help shape Vermont's future. May 2004
PUBLIC RADIO FEATURES CVUHS PEER TRAINERS
May 18, 2004, VPR's online edition ran this story: "CVU
High School Runs Pilot Program to Prevent Harassment."
LAW RELATING TO HARASSMENT IN SCHOOLS SIGNED BY GOVERNOR DOUGLAS
In the new law,
signed into effect April 13, 2004, the definition of harassment is
refined and examples are given of behavior that may be unlawful harassment.
The law defines actions and time frames schools must follow once they
receive actual notice of a harassment incident. The law extends protection
to students and students' family members, and speaks to the issue
of a person's "actual or perceived" status or membership
in a protected group (in other words, even if a target of harassment
is not "actually" a member of the protected category, the
law still applies if the person is harassed based on a perception
that he / she is a member of the protected group). Schools will have
to revise their harassment policies to align with the new laws. Click
here to read more.
DISTRICT SCHOOLS STRIVE
TO CREATE SAFER CLIMATE
Published November 18, 2003, Brattleboro Reformer
Shiela Linton expects her child will have a very different experience
in the Brattleboro school system than she did. Her 9-year-old daughter
is a student at the Oak Grove School. Linton, a black woman who graduated
from Brattleboro Union High School, said the climate in the school
system has improved from when she was a student. Click here
or on title above to read the article (PDF).
- VERMONT TEACHER DIVERSITY SCHOLARSHIP PROGRAM
(FKA COMING HOME PROJECT)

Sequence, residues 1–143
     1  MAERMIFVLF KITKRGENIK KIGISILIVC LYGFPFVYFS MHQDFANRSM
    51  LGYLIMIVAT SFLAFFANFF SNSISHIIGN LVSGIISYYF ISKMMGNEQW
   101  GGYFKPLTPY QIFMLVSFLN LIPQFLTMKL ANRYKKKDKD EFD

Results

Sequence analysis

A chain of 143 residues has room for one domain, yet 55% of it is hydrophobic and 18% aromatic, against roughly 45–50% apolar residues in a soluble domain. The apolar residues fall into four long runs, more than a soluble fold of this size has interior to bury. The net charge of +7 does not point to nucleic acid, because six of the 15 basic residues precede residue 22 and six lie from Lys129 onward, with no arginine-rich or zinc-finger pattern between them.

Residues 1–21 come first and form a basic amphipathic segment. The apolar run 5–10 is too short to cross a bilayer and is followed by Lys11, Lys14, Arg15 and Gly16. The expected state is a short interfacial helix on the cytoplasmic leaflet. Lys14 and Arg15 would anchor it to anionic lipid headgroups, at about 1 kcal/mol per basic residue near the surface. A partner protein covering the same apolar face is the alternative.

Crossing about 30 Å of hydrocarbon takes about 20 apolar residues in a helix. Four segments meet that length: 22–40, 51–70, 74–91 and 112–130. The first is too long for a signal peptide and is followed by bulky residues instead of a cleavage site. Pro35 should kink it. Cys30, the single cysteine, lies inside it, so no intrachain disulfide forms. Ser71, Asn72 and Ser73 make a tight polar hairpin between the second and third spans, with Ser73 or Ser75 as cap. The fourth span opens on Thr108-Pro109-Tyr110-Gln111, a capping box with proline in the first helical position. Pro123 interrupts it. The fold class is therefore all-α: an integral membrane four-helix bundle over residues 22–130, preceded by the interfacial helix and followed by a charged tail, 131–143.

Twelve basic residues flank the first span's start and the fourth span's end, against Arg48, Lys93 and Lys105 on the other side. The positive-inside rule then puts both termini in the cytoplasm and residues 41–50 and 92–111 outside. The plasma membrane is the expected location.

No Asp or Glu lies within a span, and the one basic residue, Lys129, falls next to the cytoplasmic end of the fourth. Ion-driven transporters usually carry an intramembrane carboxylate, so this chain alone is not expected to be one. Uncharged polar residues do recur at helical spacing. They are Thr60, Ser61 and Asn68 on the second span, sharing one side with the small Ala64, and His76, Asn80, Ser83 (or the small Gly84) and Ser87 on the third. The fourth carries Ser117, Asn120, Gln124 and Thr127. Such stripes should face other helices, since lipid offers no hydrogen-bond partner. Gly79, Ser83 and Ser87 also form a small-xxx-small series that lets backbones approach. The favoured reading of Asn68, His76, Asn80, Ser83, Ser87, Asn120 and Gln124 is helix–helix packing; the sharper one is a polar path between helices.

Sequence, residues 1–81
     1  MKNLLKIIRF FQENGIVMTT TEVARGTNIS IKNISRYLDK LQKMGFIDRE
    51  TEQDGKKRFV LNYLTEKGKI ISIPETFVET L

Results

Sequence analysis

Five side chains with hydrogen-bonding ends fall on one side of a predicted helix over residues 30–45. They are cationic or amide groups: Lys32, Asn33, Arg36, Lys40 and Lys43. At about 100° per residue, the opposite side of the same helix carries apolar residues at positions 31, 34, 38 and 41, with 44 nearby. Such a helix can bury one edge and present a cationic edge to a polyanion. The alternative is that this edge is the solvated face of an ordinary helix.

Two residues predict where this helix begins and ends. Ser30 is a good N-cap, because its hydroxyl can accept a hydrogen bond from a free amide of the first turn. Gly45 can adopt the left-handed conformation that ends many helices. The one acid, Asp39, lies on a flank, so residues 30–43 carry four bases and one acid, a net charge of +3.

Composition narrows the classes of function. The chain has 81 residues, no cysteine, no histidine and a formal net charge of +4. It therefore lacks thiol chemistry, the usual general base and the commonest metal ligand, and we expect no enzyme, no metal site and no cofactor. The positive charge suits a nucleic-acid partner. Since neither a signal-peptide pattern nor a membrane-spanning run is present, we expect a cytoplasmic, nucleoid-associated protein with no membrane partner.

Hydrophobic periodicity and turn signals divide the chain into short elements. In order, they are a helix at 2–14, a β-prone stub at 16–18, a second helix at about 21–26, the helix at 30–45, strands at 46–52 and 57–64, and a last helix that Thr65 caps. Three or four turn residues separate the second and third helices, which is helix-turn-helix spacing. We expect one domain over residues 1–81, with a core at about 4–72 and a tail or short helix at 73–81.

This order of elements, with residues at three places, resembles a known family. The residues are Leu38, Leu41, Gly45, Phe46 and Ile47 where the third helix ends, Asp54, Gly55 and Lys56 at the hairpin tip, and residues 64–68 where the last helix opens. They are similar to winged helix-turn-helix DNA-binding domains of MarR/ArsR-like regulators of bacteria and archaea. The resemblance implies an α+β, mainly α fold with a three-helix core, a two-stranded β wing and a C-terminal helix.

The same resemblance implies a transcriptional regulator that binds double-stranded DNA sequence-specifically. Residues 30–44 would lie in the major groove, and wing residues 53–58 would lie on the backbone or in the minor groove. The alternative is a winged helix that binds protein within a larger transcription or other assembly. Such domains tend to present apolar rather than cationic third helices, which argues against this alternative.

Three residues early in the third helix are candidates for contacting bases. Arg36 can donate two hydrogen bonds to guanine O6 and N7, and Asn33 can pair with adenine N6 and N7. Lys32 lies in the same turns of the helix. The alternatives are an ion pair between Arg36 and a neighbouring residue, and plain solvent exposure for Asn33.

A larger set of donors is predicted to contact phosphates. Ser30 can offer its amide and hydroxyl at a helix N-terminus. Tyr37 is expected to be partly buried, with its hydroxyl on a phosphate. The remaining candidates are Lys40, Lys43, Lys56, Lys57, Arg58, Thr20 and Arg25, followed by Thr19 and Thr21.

As Vermontís population becomes more culturally diverse, it is important
that the teachers in our public schools reflect that diversity. The
Vermont Teacher Diversity Scholarship Program has been developed to
recruit and train talented teachers from diverse backgrounds. The VTDSP
is a loan cancellation program to support students from diverse racial
and ethnic backgrounds who wish to become teachers.
Through the project, successful candidates will study at one of the
partner institutions of higher education and complete all requirements
for a teaching license. They will apply for teaching positions in designated
target areas and, if hired, agree to teach for a minimum of one year.
Currently, target areas are Bennington, Brattleboro, Burlington, Montpelier,
Morrisville, the Northeast Kingdom, and Rutland. At present, there are
Scholars in the Bennington, Brattleboro, Burlington, and Montpelier
Scholars can receive $4,000 a year of loan forgiveness
for every year of teaching up to three years, for a total of $12,000.
The Vermont Teacher Diversity Scholarship Program consists
of partnerships between local colleges and school systems. It combines
a rigorous academic training, internship experience and mentoring
from established members of the teaching community.
For more information contact Phyl
Newbeck, (802-241-3379) Vermont Teacher Diversity Scholarship
Program Director, or visit the website.
Comments? Need more information on Equity programs?
Kathy Johnson, Director of Equity Initiatives
Phone (802) 828-0072; or
The Vermont Institutes, Alumni Hall, 45 College Street, Montpelier,
members can be reached via e-mail by using the following protocol: first
initial, then last name, followed by the symbol for "at" (@)
vermontinstitutes.org (no spaces).
January 31, 2005